So, there is an official line that you can say to the priests and to the nuns [laughs], but the same words mean something else. Why don’t the directors work on this, also, trying to create new ideas, but following the real hidden meaning? For example, I always mention the fact that when Fiordiligi and Dorabella in the opera finale see the two men coming back, and they recognize the men and realize all that has happened, the tricks and the tradimento [betrayal] and everything, they sing [the Maestro sings it] “il mio fallo tardi vedo, con quel ferro un sen ferite” etcetera, etcetera. Now, “il mio fallo tardi vedo” officially means "I recognize my mistake.” Fallo is Italian for mistake. It is also a verb, “do it.” But it means also, the male member.

    OL – [simultaneously] The penis.

    RM – The penis, yes! [laughs] So, it’s “I recognize my mistake” but also “I recognize the penis.” [laughs] The two of them, da Ponte… we know da Ponte, he was a genius, and we know also that he liked to be very erotic, and to make love to as many women as possible, and Mozart was not less adventurous than da Ponte. So, the two together, they created many times jokes that could read as if there was nothing wrong – "I recognize my mistake" - but meant something else. I’m sure the two of them were laughing on the corner of the room. There are many, many such moments in the opera.

    Now, Così fan tutte [he pronounces the final letter e with emphasis – it’s the Italian plural that relates only to the feminine gender], it is important to realize that the real title is Così fan tutti [now the Maestro underlines the letter i, which is the neutral plural for both genders], men and women. At the time of course they blamed the women, but during the course of the opera you realize that all are at fault. That means, we are all made in the same way, and the finale indicates that we should not trust each other. The two men in the end say that they don’t want to do this experiment again. So, it’s a negative opera.

    I will do Così fan tutte in Napoli, and then we take the same production to Vienna and then to Tokyo, with the Regie [stage direction] of my daughter who is a wonderful actress, and she knows Mozart even better than me, since she grew up following the rehearsals of [Giorgio] Strehler at La Scala.

    OL – Chiara [Muti].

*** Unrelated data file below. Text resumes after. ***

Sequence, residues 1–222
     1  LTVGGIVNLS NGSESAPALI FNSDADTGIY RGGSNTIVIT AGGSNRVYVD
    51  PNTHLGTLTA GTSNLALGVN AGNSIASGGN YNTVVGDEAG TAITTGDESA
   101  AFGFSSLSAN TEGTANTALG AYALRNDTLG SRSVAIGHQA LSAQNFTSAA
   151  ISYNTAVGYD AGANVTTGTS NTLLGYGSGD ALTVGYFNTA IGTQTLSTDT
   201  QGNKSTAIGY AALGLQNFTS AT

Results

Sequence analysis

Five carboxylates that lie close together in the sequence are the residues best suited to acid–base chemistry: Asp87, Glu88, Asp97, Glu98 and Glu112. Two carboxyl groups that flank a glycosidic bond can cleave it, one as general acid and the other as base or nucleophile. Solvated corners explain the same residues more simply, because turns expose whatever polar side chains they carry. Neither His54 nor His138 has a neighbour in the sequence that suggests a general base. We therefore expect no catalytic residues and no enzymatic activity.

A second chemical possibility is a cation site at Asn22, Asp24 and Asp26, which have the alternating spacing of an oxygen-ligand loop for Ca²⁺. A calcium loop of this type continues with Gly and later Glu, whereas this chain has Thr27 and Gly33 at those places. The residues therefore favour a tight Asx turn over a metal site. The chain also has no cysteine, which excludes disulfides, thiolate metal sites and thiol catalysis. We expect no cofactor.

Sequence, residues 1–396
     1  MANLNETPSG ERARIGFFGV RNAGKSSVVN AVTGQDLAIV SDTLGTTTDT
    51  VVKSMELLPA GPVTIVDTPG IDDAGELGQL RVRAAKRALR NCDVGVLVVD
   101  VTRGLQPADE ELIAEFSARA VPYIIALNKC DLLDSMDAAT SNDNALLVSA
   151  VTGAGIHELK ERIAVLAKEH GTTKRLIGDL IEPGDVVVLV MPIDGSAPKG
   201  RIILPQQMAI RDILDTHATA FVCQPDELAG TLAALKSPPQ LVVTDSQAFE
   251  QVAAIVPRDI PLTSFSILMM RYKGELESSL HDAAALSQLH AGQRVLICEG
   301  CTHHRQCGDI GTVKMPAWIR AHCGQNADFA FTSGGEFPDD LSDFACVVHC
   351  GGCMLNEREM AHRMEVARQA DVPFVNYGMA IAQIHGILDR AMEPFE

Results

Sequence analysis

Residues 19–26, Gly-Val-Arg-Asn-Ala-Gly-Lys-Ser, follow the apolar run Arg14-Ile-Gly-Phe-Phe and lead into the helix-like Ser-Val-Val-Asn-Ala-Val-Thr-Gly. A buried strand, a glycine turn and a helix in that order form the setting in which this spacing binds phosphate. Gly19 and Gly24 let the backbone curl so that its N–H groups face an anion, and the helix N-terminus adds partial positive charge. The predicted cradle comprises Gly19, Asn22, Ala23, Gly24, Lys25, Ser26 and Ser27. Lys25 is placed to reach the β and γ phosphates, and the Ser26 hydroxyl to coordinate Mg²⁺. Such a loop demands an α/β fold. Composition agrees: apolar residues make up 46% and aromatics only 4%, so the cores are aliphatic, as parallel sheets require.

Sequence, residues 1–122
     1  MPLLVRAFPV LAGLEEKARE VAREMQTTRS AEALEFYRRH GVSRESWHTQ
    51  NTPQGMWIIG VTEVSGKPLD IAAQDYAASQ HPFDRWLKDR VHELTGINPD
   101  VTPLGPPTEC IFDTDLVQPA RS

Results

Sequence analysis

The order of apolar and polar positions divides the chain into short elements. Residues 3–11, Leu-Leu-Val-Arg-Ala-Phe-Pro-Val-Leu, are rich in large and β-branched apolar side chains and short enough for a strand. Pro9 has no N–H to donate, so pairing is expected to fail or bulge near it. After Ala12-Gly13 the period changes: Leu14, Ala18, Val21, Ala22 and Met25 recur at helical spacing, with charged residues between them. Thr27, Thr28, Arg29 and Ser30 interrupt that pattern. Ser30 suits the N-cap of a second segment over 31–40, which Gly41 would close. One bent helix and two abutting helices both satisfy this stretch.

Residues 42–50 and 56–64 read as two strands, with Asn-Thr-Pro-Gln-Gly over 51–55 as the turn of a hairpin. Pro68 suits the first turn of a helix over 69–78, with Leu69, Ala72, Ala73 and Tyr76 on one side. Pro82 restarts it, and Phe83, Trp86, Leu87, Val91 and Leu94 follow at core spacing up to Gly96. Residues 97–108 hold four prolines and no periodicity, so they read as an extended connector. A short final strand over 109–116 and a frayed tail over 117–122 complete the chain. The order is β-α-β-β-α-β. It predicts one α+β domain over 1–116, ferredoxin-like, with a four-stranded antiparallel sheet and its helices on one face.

Chiara Muti Photographed By Paolo Roversi For Vogue Italia Beauty

    RM – Chiara, bravo. Strehler, [Luca] Ronconi, [Antoine] Vitez, and she studied in the school of Strehler in Milano, so it will be very interesting. I hope you can come to Napoli. It’s in November and it will be my pleasure if you come.

    OL – Hm, maybe I will. [Note - indeed, I will]

    RM – Benissimo [great]. So, she knows all this world, and it is not going against the story. First, we have to realize one thing that I heard from a musicologist in Vienna. When I did Così fan tutte the first time in 1982 in Salzburg, that was in July and August, then I was in a concert in Vienna a few months later, and I met a musicologist who said to me, “Maestro, do you know why the opera takes place in Napoli?”

    OL – [Wiener] Neuestadt. [Vienna New City in German, a town located right south of Vienna. Naples, or Napoli, derives from the Latin nea polis, or new city]

    RM – Bravo. You’ve read this.

    OL – Do you think it is true?

    RM – I don’t know! But it makes sense! They couldn’t put the opera in Neuestadt because everybody knew the story of these four people, in Vienna. The genialitá of da Ponte was, Neue Stadt, Nea Polis. Because in fact in the opera, there is no element that tells you that it is in Napoli.

    OL – Except once, when Fiordiligi says it.

    RM – Bravo, , except once when she sings “Da Napoli partiti sono gli amanti nostri.” And the music doesn’t evoke Napoli, except in one moment [hums it] when it evokes the beauty of nature and the melancholy of the soul.

    So, I think it’s not by creating stupid stories on top of the music that you solve the problem of interpretation from the visual point of view. We need directors who pay attention to the right ideas, and in the case of Mozart and Verdi, like Wilhem Wagner did with the operas of Wagner, the less you put on stage, the better it is.

    [The Maestro’s assistant has entered the room and waits for the interview to conclude, seemingly in need of attracting the Maestro’s attention].

    OL – I think we ran out of time.

    RM – [Turns to her] Sì? [She says, “Maestro, you have another commitment.”] Yes. [Turns to me]. An interview, was only for you; I didn’t accept any others, but I have a commitment with the orchestra, now.

    OL – Certainly. Thank you so much, Maestro.

    RM – Grazie, grazie infinite. Are you coming to the concert tonight?

    OL – Yes, of course.

    RM – Then, I’ll conduct the Vespri overture for you, thinking of you.

    OL – Oh wow, I’m honored. Grazie mille.

    RM – Grazie! [Maestro Muti leaves].

    OL – [To his assistant] I’m sorry that we went beyond the allocated time, but he seemed to be enjoying it.

    Maestro Muti’s assistant – Of course! Thank you! Have a great day!

    OL – You too.

    Maestro Riccardo Muti and the Chicago Symphony Orchestra in Chapel Hill, NC, 2/17/2018; UNC Memorial Hall - Photo Opera Lively

    The Maestro with Marta Gazzola (the journalist's spouse) and Luiz Gazzola


    To close this piece, let's hear this superb performance of Beethoven's 9th, with Riccardo Muti and the Chicago Symphony Orchestra, in May 2015:


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    Comments 4 Comments
    1. Hoffmann's Avatar
      Hoffmann -
      Bravo, Luiz! Great interview - I'm envious. Thanks so much for asking my question!
    1. Luiz Gazzola (Almaviva)'s Avatar
      Luiz Gazzola (Almaviva) -
      Well, thanks for asking it, James.

      It's all confirmed; I'll be in Naples for the opening night of the Così fan tutte directed by Chiara Muti and conducted by Riccardo Muti. Hopefully I will also interview the Intendant of the Teatro San Carlo, Mr. Paolo Pinamonti.
    1. Florestan's Avatar
      Florestan -
      I am visiting Riccardo Muti's website. Looks like a lot of good stuff/information there:

    1. Poppea's Avatar
      Poppea -
      Fantastic article, very interesting and informative. I really enjoyed Riccardo Muti's acceptance speech too, very humorous and also deep. Thank you.